New Delhi | 24th Jan 2015
A worker places an American flag on a flag pole in New Delhi on Friday. US President Barack Obama is the first American president to attend India’s annual Republic Day festivities marked on 26 January. PTI
In a rainbow world, India's policymakers continue to view situations through a black or white prism. Although — or perhaps because — several within the decision-making fraternity in Lutyens' Delhi have children studying in the US, that country is viewed with suspicion and more than a tinge of exasperation. Some of the negativity is deserved. The US administration works tirelessly to smother India's generic medicines industry for the benefit of exactly six pharma giants located on both sides of the Atlantic, while it seeks immunity for US suppliers for any malfunction in the nuclear equipment supplied by them, thereby creating a perfect incentive for overseas nuclear power companies to make the 1.26 billion citizens of India guinea pigs for experiments in reactor design and safety.
What gets ignored in discussions in India is that such behaviour is in considerable part because of the refusal by successive regimes in Delhi to act as an ally rather than simply put up a smokescreen of talk. In 2003, then National Security Adviser Brajesh Mishra ensured that the Atal Behari Vajpayee government rejected Washington's request that a division of troops be posted in the Kurdish regions of Iraq. Indeed, Mishra spread the vicious smear that the small group of strategic experts calling for such participation were "CIA stooges", although he knew well that such a characterisation was unjust. Had the Prime Minister's Office complied with the request, not only the global profile of India, but this country's ability to ensure oil supplies (from the Kurdish regions) would have been significantly enhanced, but that was not to be. More recently, during Prime Minister Modi's visit to New York and Washington, there were indications that the Obama administration would welcome India's participation in the military campaign against the Islamic State going on in Syria and Iraq. Such a campaign could have been launched independently of NATO, for India could have acted in concert with the governments in place in Damascus and Baghdad than with Brussels, but here as well, any hint of tangible action on the ground to back up the flow of words against global terror was avoided, in a context where several of the countries now close to India geopolitically are already in the field. Clearly, the establishment in India, to use the phrase made popular by Bill Clinton, is willing to smoke but not to inhale.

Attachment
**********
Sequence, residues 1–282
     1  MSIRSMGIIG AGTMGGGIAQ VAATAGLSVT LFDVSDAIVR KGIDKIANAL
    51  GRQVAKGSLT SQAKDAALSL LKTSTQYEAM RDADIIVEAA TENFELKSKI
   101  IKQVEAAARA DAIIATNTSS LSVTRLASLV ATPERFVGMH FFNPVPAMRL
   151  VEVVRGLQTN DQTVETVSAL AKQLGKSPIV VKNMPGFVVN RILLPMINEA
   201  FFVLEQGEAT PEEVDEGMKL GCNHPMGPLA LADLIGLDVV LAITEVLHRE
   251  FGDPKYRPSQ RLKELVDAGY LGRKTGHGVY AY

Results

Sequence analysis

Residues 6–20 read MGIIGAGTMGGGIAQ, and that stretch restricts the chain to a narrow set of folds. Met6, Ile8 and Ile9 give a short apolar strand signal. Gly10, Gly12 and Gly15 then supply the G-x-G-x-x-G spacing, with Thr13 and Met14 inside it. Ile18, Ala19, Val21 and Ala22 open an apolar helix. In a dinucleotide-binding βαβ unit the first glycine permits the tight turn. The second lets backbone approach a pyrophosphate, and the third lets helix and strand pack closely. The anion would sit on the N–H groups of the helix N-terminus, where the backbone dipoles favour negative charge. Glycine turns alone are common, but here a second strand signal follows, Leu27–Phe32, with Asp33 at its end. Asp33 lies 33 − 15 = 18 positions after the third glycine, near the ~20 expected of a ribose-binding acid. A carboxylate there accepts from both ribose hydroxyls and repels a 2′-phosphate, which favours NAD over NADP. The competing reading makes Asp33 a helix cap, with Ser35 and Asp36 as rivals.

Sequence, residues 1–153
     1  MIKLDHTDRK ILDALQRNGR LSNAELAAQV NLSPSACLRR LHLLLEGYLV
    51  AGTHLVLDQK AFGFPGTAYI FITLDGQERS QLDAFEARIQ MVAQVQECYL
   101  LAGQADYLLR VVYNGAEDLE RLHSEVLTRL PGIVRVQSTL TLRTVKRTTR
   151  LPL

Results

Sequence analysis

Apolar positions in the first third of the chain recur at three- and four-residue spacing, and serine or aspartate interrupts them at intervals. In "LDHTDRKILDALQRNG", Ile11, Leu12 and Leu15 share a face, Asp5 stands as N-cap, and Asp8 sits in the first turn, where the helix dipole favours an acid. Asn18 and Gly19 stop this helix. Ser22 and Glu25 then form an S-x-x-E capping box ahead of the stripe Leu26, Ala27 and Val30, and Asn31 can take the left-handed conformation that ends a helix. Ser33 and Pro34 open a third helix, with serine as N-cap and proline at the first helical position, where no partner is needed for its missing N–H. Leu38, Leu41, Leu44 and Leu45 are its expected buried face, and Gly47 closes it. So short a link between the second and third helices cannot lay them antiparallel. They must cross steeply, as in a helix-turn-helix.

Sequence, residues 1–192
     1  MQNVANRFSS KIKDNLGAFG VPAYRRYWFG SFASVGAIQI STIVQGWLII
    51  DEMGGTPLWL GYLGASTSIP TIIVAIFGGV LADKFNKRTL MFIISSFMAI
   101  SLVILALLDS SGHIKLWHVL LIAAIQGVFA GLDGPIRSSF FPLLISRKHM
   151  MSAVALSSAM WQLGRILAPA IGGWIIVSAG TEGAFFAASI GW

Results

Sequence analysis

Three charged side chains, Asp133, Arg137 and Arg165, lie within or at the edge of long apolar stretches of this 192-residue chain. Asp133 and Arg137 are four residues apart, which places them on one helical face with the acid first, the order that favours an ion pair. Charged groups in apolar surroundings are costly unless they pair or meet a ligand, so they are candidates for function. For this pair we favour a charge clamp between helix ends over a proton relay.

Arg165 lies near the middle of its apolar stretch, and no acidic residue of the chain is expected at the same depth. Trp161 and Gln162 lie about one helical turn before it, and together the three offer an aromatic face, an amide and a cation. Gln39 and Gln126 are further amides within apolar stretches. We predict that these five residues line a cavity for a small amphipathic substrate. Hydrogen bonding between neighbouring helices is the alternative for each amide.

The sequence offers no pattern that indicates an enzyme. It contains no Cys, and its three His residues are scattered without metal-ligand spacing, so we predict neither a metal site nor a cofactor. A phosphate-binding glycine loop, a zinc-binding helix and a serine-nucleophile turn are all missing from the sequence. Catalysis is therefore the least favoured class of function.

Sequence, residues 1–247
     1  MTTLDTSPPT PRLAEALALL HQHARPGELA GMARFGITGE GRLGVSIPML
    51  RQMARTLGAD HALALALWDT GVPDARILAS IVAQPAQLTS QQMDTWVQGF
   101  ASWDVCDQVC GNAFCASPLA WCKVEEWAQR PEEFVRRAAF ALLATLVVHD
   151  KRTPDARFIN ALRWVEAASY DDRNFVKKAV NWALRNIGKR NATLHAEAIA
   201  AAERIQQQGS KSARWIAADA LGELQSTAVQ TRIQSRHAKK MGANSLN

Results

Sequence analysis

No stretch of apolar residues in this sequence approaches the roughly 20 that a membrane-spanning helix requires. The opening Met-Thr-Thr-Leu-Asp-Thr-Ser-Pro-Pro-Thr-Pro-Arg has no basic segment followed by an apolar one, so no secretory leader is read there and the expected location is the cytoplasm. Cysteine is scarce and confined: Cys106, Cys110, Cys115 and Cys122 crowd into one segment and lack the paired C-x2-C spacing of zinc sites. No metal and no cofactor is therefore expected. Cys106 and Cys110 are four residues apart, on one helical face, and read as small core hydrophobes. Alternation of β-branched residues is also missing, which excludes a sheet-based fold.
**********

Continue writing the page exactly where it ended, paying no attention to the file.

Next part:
The 25-27 January meetings between Prime Minister Narendra Modi and President Barack Obama have the potential to be as significant in world affairs as the 1972 meeting between President Richard Nixon and Chairman Mao Zedong. But for this, both the heads of government will need to go beyond the limits set by their respective bureaucracies. Modi will need to end the decade-long vacillation over signing the Communications Safety as well as the Logistics agreement, of course on reciprocal terms. Obama will have to defy the pharma and "Fortress America" lobbies in the US to ensure that the generic medicines industry in India becomes a component in his plan to render affordable universal healthcare in the US, an impossibility otherwise.
Should both challenge their naysayers and live up to the idealism they exuded on the campaign trail, the Modi-Obama meeting of the next three days could ensure what has the potential to be the transformational relationship of at least this half of the 21st century.
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